The banana plant is a tropical plant known for its slender yellow fruit. Although it resembles a tree, it is not one, for the tall plant has no bough or woody trunk. It typically grows between 8 and 30 feet in height. It does not do well in areas that experience frost. They prefer warm to hot weather. Fruit growth occurs at temperatures between 84 and 86 degrees F. Cooler weather can prevent the plant from bearing fruit, or ultimately kill the plant.
Choose an area for planting where there is full sunshine, although the plant will tolerate light shade. The plant should be situated away from buildings, power lines and other trees. If planting as a sunscreen, you can plant within 10 feet of a building.
Plan to space small-stature or dwarf banana plants 20 feet from other plants, or at least 8 feet from other small-stature or dwarf banana plants. Large banana plants should be spaced 12 feet from each other.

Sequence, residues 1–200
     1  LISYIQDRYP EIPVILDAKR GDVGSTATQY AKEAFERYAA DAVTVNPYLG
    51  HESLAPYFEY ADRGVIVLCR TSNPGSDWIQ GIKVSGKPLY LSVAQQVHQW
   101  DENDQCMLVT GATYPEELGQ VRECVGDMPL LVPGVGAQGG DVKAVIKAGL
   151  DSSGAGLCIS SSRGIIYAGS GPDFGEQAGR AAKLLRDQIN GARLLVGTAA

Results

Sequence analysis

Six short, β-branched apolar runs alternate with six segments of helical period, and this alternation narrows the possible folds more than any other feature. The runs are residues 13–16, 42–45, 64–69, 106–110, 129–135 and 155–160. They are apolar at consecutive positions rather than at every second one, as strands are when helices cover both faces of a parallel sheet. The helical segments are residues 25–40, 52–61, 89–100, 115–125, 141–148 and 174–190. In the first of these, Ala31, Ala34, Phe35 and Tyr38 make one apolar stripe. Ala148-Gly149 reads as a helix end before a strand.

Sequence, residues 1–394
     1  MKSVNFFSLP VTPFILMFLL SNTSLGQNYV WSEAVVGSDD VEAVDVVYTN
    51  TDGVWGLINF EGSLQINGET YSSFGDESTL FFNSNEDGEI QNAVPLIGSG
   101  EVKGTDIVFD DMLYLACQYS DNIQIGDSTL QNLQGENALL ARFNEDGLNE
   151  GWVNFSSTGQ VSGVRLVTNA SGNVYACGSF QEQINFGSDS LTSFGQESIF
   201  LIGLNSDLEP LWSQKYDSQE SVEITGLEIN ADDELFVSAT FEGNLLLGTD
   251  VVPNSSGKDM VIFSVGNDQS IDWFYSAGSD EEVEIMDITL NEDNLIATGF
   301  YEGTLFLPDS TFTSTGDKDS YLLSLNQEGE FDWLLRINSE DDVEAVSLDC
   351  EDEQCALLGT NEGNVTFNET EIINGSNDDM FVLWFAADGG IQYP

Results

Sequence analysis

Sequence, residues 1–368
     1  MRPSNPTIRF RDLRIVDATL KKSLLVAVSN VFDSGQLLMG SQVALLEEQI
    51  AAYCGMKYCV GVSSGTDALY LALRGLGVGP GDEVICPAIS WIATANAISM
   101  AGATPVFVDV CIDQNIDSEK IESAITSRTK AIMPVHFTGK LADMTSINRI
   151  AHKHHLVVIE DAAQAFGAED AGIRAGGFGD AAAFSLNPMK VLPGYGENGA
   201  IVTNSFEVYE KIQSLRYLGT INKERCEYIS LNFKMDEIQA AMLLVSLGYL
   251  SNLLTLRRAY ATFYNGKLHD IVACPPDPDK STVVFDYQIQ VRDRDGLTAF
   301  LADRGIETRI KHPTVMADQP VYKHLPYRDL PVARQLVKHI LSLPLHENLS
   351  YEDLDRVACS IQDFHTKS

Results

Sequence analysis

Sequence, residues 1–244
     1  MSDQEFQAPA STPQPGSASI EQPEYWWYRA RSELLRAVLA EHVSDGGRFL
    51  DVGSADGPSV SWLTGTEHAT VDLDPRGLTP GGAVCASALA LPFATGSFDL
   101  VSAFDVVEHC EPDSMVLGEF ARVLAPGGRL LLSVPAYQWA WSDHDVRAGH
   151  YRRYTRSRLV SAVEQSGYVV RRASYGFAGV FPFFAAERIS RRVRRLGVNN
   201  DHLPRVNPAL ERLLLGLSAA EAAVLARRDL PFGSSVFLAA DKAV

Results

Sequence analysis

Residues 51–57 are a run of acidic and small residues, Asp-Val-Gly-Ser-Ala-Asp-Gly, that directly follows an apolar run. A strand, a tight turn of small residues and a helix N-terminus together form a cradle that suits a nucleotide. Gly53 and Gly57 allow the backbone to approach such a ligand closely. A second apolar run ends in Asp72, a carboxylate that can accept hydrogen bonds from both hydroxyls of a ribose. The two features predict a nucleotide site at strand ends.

Dig a hole three times the diameter and depth as the container the banana plant came in from the nursery.
Remove the banana plant from its container and set in the hole. The soil level of the container should be slightly higher than the level of the ground soil
Fill in the hole by backfilling with the soil you've removed. Gently tap the roots to remove air pockets.
Water the plant thoroughly. For normal growth and production, plan to water with 4 to 6 inches of water monthly. While banana plants are sensitive to drought, they do not tolerate soggy soil.